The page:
Looking for regional solutions to local limitations of opportunity in education, jobs and housing
Restructuring the Philadelphia Region
Metropolitan Divisions and Inequality
Search the full text of this book
Carolyn Adams, David W. Bartelt, David Elesh and Ira Goldstein with Joshua Freely Michelle Schmitt
Restructuring the Philadelphia Region offers one of the most comprehensive and careful investigations written to date about metropolitan inequalities in America’s large urban regions. Moving beyond simplistic analyses of cities-versus-suburbs, the authors use a large and unique data set to discover the special patterns of opportunity in greater Philadelphia, a sprawling, complex metropolitan region consisting of more than 350 separate localities. With each community operating its own public services and competing to attract residents and businesses, the places people live offer them dramatically different opportunities.
The book vividly portrays the region’s uneven development—paying particular attention to differences in housing, employment and educational opportunities in different communities—and describes the actors who are working to promote greater regional cooperation. Surprisingly, local government officials are not prominent among those actors. Instead, a rich network of “third-sector” actors, represented by nonprofit organizations, quasi-governmental authorities and voluntary associations, is shaping a new form of regionalism.
"Policy analysts have often highlighted inequities resulting from uneven regional development and blocked opportunity. But as the global economy transforms a moral imperative into a competitiveness imperative, Restructuring the Philadelphia Region is an indispensable guide for political, business, and civic leaders seeking to create a more dynamic and inclusive region"
"Restructuring the Philadelphia Region reminds us that place still matters. As Adams, Bartelt, Elesh, and Goldstein document, where people live both facilitates and constrains access to opportunity in America. But new actors are emerging to confront these challenges. Third-sector entities (e.g., community development financial institutions, charter schools, foundations), along with state governments, are assuming roles traditionally reserved for city governments, perhaps for better, perhaps for worse."
"Carolyn Adams and her coauthors have given us a nice case study.... The authors’ depiction of Philadelphia is at the same time intellectually engaging and well written. Their knowledge of the city and its complexity is obvious and helps to produce an analytic description that is rich and nuanced in detail if not in theoretical terms.... The authors have made a singular and important contribution by presenting such a rich case study. Urban scholars should read it and benefit from it. This is a data source that can be the basis for a more complex theoretically based typology of evolving urban forms."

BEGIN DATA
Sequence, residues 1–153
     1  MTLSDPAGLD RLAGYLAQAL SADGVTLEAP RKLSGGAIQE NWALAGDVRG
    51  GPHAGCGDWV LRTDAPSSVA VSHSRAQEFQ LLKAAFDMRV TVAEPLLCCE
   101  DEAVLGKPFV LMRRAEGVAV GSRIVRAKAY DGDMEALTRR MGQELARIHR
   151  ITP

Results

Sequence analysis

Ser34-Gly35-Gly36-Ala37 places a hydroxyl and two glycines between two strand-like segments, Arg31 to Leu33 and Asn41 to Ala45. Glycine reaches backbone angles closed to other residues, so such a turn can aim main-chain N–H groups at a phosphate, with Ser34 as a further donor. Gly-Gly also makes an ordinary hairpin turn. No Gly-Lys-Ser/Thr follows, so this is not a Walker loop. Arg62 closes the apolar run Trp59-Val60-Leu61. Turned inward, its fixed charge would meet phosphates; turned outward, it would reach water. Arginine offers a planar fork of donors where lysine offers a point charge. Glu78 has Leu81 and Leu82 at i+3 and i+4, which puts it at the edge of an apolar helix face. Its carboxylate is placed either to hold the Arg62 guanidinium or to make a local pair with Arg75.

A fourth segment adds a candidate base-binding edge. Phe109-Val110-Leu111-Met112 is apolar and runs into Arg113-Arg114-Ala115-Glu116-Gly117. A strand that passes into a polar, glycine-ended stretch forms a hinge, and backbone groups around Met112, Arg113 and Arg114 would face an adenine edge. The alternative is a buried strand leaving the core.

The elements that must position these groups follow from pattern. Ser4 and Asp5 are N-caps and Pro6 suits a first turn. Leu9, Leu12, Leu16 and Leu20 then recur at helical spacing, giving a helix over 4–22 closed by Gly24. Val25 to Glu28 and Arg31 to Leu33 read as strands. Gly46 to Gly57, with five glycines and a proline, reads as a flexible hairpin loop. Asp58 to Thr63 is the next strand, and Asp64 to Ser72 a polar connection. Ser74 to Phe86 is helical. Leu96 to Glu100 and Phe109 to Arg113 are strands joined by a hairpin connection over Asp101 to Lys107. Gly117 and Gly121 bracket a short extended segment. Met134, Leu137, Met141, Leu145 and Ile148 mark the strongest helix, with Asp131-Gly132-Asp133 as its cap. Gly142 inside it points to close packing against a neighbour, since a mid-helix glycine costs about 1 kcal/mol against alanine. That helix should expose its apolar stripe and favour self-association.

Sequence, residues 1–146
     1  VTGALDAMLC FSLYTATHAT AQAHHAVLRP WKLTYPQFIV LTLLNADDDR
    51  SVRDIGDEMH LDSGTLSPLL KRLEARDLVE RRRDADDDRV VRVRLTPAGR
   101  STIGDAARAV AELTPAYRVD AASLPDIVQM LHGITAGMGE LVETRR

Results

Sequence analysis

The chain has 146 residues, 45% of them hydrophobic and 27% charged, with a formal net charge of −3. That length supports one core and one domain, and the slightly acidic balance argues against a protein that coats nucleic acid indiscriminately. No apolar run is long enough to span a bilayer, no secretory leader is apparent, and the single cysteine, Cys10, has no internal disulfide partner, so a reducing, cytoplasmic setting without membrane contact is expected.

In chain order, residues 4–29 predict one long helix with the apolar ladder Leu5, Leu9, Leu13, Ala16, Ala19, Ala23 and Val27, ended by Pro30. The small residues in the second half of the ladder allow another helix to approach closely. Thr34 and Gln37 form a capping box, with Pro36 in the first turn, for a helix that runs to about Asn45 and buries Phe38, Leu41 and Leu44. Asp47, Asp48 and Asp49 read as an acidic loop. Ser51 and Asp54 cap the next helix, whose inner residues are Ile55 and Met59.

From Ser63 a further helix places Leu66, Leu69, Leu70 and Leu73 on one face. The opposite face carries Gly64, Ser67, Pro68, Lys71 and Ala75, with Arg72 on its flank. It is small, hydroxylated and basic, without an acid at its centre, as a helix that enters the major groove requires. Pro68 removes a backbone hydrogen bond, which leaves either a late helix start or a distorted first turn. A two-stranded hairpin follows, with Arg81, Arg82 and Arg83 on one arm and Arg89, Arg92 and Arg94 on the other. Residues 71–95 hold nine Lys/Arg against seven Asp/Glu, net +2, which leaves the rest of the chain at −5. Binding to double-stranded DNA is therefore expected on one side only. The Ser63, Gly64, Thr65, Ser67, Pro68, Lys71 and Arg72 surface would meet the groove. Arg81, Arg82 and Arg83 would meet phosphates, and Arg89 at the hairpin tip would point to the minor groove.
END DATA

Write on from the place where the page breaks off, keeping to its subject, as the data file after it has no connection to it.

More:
"The Philadelphia region provides an excellent case study on how regional analysis can be designed and achieved…. The authors make a compelling case that regional cooperation is vital for cities to prosper…. The authors provide thorough explanations and examples of the strengths and weaknesses that have emerged as a result of fragmentation by city, county, and region. They present their data and arguments with compelling analysis."
"Restructuring the Philadelphia Region takes a fresh look at a social landscape that is no longer easily broken down into city vs. suburbs, or even older suburbs vs. newer suburbs…. The authors use a variety of theoretical frames and data sources to provide a comprehensive new look at a predominantly older urban region.... Restructuring the Philadelphia Region is unquestionably a valuable contribution to the understanding of contemporary trends and policy in Philadelphia."
"This book is not focused on what should be happening across the region but alternatively provides a well-grounded and thorough examination of existing geographic inequalities and coping strategies…. The authors do a fine job of discussing the characteristics of the Philadelphia region, as well as how those characteristics compare with respect to other regions…. There is a wide, captive audience for Restructuring the Philadelphia Region—those interested in the policies, economic, or civic issues facing urban and metropolitan areas today whether they are in the academe, public service or the private sector…. The authors succeed in a careful and thorough discussion of the metropolitan Philadelphia region that is readable and pertinent, while contributing constructively to a variety of current discourses."
Carolyn Adams is Professor of Geography and Urban Studies at Temple University.
David W. Bartelt (1945-2015) was Emeritus Professor of Geography and Urban Studies at Temple University.
David Elesh is Associate Professor of Sociology and Director of the Social Science Data Library at Temple University.
Ira Goldstein is Director of Policy and Information Services for The Reinvestment Fund.
In the series
Philadelphia Voices, Philadelphia Visions, edited by David W. Bartelt.
Philadelphia has always been a city that has embraced a richness of voice and vision, defying attempts to define it in a one-dimensional frame. Books in this series, Philadelphia Voices, Philadelphia Visions, edited by David W. Bartelt, will give voice to the diverse communities and perspectives that help define the city, and to address public issues that the city's community, civic and academic leadership raise in the public arena. The series is interdisciplinary, encompassing discussions of social divisions, cultural heterogeneity, and the importance of popular culture as expressions of communities that critique, celebrate, and continually reconstitute the Philadelphia region.